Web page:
The Jewish Calendar, also known as Hebrew Calendar, is used by people of the Jewish faith to establish the dates for religious observances, holidays, Torah readings,  yahrzeits (funerals), and birthdays. 

This is the official calendar in Israel, alongside the Gregorian calendar, which is used for civil holidays and agricultural purposes. 

The Jewish calendar is a lunisolar calendar (it follows the Moon phases and the time of the solar year) and has 12 months with 29 or 30 days each. 

Here are some examples of dates in the Gregorian calendar, and how they relate to the Jewish year:

  • Sun, 1 January 2023 = 8th of Tevet, 5783
  • Mon, 1 January 2024 = 20th of Tevet, 5784
  • Wed, 1 January 2025 = 1st of Tevet, 5785
  • Thu, 1 January 2026 = 12th of Tevet, 5786
  • Fri, 1 January 2027 = 22nd of Tevet, 5787

The Origins of the Jewish Calendar

A reproduction of the Gezer calendar in Israel.
A reproduction of the Gezer calendar.

The Jewish calendar counts the time from the year 3761 B.C., the date for the creation of the World and the Universe, according to the bible. 

The exact origins of the Jewish calendar are difficult to trace, although it is believed that the Babylonian system inspired it. 

It is known that from the 1st century B.C. until 70 B.C. the calendar months were determined by observation. After two reliable witnesses would notify the council, the Sanhedrin, that they had observed the first sliver of the new moon, the Sanhedrin would then proclaim the beginning of the new month. 

In 359 CE, Hillel II, a Palestinian patriarch, officially established what we now know as the Jewish calendar, based on astronomical calculations. This standardized the length of the months and set the rule for the Leap Year 19-year cycle.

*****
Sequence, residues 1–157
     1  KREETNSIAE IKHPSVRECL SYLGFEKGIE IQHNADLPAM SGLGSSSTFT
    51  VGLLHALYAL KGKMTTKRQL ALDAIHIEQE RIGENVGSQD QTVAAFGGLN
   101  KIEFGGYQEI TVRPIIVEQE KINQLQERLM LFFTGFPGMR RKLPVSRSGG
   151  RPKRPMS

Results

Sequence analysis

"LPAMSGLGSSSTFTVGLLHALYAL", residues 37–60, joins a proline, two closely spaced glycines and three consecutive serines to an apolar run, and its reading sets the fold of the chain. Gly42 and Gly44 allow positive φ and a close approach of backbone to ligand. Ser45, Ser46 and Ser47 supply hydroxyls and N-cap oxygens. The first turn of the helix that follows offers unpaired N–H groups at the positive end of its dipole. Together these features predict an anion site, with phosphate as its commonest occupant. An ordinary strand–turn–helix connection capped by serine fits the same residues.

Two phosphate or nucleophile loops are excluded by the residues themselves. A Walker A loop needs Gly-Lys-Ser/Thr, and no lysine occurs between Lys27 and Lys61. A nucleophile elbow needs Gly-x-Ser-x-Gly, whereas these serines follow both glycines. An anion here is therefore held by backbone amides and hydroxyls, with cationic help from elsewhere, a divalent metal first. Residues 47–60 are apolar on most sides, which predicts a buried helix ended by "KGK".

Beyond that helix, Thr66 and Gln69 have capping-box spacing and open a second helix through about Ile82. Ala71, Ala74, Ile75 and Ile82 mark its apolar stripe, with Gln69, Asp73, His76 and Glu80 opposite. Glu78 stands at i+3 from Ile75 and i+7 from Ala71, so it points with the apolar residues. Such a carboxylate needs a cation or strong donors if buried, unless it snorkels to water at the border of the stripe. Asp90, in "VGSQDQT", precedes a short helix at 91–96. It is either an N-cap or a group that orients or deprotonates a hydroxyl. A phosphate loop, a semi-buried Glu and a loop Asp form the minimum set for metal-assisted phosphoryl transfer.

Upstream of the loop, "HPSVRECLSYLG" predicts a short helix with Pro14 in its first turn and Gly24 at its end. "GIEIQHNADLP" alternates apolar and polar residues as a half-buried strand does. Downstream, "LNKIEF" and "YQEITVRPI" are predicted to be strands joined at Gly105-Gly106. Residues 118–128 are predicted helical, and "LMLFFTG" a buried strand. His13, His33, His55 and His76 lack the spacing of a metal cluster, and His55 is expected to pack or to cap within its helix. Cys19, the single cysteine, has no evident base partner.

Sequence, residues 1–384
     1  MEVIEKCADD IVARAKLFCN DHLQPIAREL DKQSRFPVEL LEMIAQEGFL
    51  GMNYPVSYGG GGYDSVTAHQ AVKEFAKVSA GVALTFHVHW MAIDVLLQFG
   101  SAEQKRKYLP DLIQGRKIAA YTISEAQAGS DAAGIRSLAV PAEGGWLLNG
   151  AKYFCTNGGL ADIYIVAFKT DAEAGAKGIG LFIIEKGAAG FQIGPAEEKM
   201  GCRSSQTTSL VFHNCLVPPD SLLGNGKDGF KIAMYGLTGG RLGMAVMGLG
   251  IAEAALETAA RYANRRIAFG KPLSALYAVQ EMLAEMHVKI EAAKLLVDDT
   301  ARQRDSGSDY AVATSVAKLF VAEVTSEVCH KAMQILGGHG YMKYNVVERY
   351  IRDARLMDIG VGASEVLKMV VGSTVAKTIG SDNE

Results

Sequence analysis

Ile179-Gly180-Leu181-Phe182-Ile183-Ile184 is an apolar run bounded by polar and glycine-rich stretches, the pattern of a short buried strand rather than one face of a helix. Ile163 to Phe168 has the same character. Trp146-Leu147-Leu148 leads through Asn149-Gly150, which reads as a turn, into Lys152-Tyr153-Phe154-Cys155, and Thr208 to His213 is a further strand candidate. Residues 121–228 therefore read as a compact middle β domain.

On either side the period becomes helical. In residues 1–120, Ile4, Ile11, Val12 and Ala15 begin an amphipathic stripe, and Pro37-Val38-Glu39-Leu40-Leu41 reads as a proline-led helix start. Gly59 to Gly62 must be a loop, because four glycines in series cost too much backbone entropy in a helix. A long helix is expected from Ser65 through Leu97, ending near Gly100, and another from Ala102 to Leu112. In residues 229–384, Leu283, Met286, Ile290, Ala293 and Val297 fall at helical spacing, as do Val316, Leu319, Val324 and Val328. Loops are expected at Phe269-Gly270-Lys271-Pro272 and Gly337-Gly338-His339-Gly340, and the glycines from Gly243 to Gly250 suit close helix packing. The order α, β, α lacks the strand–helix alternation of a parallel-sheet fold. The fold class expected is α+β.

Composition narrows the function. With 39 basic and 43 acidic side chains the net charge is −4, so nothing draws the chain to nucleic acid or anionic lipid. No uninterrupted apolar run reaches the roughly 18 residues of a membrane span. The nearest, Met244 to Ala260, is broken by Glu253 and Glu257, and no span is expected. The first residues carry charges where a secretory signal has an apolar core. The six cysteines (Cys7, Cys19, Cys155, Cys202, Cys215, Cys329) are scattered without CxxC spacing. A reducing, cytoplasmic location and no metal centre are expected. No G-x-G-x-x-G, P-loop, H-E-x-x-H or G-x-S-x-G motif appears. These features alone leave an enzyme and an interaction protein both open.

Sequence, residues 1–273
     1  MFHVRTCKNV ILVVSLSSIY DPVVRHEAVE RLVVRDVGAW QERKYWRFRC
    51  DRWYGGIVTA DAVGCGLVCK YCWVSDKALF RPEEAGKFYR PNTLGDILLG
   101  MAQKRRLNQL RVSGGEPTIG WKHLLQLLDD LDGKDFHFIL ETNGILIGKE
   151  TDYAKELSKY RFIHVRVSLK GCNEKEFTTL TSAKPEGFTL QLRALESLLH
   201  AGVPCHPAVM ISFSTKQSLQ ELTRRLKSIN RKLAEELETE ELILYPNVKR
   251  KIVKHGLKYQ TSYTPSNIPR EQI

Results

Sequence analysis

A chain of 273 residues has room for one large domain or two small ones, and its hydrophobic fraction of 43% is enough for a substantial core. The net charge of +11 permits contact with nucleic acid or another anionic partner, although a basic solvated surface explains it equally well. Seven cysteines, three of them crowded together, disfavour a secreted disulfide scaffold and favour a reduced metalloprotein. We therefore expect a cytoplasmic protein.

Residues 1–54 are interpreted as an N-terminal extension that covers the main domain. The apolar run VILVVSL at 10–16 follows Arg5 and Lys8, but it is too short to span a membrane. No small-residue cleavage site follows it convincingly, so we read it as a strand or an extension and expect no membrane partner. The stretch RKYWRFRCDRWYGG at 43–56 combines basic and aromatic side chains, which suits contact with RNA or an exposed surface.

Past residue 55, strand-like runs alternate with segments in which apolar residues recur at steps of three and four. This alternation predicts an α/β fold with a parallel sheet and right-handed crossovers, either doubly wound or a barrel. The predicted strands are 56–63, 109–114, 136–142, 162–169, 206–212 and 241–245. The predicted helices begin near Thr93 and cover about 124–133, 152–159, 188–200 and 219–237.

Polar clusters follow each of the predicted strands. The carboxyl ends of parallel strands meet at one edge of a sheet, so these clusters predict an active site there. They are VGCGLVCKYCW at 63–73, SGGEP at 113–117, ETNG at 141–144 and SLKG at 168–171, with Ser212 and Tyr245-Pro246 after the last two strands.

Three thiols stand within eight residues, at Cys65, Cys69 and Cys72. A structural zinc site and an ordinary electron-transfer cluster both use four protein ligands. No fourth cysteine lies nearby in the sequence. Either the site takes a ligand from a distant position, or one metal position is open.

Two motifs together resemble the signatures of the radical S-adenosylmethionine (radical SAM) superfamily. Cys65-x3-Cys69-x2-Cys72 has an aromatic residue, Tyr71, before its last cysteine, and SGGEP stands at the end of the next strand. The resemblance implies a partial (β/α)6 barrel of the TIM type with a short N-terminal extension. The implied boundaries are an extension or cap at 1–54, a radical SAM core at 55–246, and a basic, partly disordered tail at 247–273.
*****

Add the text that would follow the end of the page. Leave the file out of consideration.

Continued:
Years in the Jewish Calendar

The Jewish calendar counts time based on three astronomical events:

  • the rotation of the Earth about itself (a day);

  • the orbit of the Moon around the Earth (a month);
  • the orbit of the Earth around the Sun (a year);

Even though there is no correlation between these three events, the Jewish calendar coordinates its dates according to these astronomical phenomena. So, months are either 29 or 30 days, according to the lunar cycle which has 29.5 days. Years in the Jewish calendar are 12 or 13 months, to correspond with the 12.4-month solar cycle. 

Because of this, a year in the Jewish calendar is 11 days shorter than a solar year. To keep in sync with the astronomical seasons, every 2 to 3 years, or 7 times in each 19-year cycle, one leap month is added, making that year 13 months long. This also ensures that Jewish religious observances happen at the correct time. 

Months in the Jewish Calendar

The months in the Jewish calendar are based on the moon phases. Each month begins during the crescent moon when the first sliver of the moon is visible after the dark New Moon. 

Here are the months in the Jewish calendar with their corresponding months in the Gregorian calendar:

Jewish Calendar Gregorian Calendar
Nissan (30 days) March - April
Ivar (29 days) April-May
Sivan (30 days) May-June
Tammuz (29 days) June-July
Av (30 days) July-August
Elul (29 days) August-September
Tishrei (30 days) September-October
Kheshvan (29 or 30 days) October-November
Kislev (29 or 30 days) November-December
Tevet (29 days) December-January
Shevat (30 days) January-February
Adar (29 days or 30 days on a leap year) February-March
Adar II (added during leap years, with 29 days)

Days of the Week in the Jewish Calendar

Apart from the Shabbat, the different days of the week in the Jewish calendar are known as first day, second day, third day, and so on. 

Jewish Week Gregorian Week
Yom Rishon First Day (Sunday)
Yom Sheini Second Day (Monday)
Yom Shlishi Third Day (Tuesday)
Yom R'vii Fourth Day (Wednesday)
Yom Chamishi Fifth Day (Thursday)
Yom Shishi Sixth Day (Friday)
Yom Shabbat Sabbath Day (Saturday)

The Shabbat is a holy day in the Jewish faith, and it is the day of rest for Jewish people. 

Facts About the Jewish Calendar

  • God's first commandment to Moses before the Exodus from Egypt concerned the Jewish calendar. This commandment established that Nissan should be the first month of the Jewish year, and set in motion the creation of the calendar.
  • The Jewish new year, Rosh Hashanah is celebrated during September, on the first day of Tishrei. 
  • Each week of the year in the Jewish calendar has its own unique name. 

Learn More about other World Calendars: